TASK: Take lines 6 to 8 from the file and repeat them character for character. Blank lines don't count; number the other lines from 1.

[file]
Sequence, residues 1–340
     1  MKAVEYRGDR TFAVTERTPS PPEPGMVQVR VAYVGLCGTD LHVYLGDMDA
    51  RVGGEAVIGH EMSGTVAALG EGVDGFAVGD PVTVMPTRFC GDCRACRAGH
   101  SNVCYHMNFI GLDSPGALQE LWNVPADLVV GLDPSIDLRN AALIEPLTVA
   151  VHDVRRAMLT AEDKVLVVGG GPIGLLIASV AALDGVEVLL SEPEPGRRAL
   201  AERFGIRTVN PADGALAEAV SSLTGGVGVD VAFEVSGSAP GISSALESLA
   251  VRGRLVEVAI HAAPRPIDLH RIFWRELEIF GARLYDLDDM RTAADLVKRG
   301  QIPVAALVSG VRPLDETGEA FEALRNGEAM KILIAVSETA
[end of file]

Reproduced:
   201  AERFGIRTVN PADGALAEAV SSLTGGVGVD VAFEVSGSAP GISSALESLA
   251  VRGRLVEVAI HAAPRPIDLH RIFWRELEIF GARLYDLDDM RTAADLVKRG
   301  QIPVAALVSG VRPLDETGEA FEALRNGEAM KILIAVSETA